3.1 Again, any number of autocatalytic gold plating solutions that are suitable for use in the present invention are available on the market. In one preferred embodiment of the invention, the solution is NEORUM TWB produced by Uyemura International Corporation. The NEORUM TWB bath should be heated to approximately 70° C. The board should be oriented at a 90° angle to the floor. No mechanical or ultrasonic agitation should be applied during this step. Particularly, it has been found that there is a tendency for “comet tailing” to occur during autocatalytic gold plating. “Comet tailing” is a phenomenon in which the gold plating leaves a streak of unplated, or at least much more thinly plated, gold near through holes and vias in the PCB. The name comes from the fact that the appearance under magnification when this occurs looks like a comet tail flowing away from the via.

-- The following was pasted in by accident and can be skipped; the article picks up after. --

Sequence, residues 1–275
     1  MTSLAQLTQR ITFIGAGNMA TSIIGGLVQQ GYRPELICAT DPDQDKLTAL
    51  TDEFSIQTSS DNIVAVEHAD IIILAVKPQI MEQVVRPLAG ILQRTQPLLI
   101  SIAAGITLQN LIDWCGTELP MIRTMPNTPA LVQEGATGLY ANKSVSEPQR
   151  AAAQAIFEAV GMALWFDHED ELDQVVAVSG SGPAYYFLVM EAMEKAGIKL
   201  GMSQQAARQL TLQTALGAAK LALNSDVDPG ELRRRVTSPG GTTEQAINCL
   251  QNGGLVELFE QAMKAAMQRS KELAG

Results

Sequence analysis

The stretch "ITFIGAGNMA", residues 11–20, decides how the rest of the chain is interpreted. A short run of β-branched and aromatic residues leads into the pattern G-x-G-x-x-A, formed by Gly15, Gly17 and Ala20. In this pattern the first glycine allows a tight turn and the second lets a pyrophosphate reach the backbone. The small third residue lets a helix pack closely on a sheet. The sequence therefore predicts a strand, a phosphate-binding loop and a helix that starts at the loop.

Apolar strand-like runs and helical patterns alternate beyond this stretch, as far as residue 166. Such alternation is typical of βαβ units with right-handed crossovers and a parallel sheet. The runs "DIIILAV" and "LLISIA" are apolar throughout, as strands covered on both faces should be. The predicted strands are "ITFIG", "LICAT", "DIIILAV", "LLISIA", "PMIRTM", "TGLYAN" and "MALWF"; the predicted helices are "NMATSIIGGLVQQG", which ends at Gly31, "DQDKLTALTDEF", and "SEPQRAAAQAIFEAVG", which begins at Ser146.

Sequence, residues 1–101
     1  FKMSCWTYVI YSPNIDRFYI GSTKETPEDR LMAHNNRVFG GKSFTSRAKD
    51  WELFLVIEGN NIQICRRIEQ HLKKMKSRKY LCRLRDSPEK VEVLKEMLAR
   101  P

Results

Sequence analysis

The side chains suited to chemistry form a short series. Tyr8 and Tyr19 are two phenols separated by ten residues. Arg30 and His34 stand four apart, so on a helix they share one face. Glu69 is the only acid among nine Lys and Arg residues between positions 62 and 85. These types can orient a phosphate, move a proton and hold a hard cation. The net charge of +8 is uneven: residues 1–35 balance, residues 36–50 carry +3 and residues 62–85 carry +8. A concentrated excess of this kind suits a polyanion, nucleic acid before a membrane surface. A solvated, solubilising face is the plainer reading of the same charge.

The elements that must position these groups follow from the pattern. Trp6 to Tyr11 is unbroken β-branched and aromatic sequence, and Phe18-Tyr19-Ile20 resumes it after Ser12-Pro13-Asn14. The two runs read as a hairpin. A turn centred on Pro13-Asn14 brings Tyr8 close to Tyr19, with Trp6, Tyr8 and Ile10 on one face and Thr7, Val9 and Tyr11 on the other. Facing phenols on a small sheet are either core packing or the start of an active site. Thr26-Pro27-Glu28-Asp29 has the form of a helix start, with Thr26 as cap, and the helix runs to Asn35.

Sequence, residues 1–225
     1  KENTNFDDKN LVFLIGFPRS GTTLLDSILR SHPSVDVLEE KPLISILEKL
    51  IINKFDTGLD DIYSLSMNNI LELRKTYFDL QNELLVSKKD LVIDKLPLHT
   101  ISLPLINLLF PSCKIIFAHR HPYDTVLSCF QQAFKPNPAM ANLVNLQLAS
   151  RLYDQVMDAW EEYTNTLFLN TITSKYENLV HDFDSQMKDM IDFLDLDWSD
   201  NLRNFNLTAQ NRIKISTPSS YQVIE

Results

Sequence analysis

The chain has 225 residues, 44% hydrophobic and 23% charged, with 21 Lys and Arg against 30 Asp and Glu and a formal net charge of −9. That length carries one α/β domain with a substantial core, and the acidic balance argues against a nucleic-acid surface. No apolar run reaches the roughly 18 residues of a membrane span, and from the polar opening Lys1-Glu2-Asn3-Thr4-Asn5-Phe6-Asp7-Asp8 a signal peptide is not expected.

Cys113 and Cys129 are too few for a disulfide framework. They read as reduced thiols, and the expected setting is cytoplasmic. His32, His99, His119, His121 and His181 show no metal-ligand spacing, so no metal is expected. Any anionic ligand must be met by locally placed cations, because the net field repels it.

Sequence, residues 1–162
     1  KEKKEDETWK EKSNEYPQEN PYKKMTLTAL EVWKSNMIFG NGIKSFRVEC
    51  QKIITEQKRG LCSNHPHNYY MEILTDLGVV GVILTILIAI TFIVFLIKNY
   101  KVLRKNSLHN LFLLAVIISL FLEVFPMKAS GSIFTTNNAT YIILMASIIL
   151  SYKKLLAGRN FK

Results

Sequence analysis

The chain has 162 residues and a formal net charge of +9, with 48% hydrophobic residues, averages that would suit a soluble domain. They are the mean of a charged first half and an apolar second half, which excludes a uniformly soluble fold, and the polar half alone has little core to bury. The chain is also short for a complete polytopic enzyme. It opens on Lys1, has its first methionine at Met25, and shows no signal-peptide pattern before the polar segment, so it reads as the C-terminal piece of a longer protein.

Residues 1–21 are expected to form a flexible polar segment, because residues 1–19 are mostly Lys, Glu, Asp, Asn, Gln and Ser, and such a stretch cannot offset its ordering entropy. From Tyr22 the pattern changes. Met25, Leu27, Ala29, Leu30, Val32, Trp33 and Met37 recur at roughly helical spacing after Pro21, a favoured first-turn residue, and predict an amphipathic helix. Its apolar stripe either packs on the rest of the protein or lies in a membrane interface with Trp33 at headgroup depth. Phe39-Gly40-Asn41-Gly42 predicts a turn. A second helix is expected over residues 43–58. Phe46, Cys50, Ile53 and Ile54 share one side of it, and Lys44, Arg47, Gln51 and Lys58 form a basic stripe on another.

The plating rate for NEORUM TWB at 70° is approximately 40 micro-inches per hour. In order to provide sufficient gold for the formation of high reliability wirebonding, a gold layer of at least 20 micro-inches is desired, and preferably about 40-50 micro-inches. Accordingly, the PCB should be processed in the autocatalytic bath for approximately one hour.

3.2 The autocatalytic gold bath is followed by 5 minutes of over flowing de-ionized water rinse.

3.3 The process is completed with a dry nitrogen blow dry of the part.

FIG. 2E shows the PCB after the autocatalytic gold plating step. As shown, additional gold layer 26 has been plated on top of the first gold layer 24.

Conclusion

Empirical testing has established that the above identified technique provides a highly suitable surface for wirebonding. For instance, Table 1 shows the results of destructive pull tests of wirebonds on a PCB fabricated generally in accordance with the embodiment of the present invention described above. Tests were performed for various gold layer thicknesses, namely, 0.4 microns, 0.65 microns and 0.9 microns.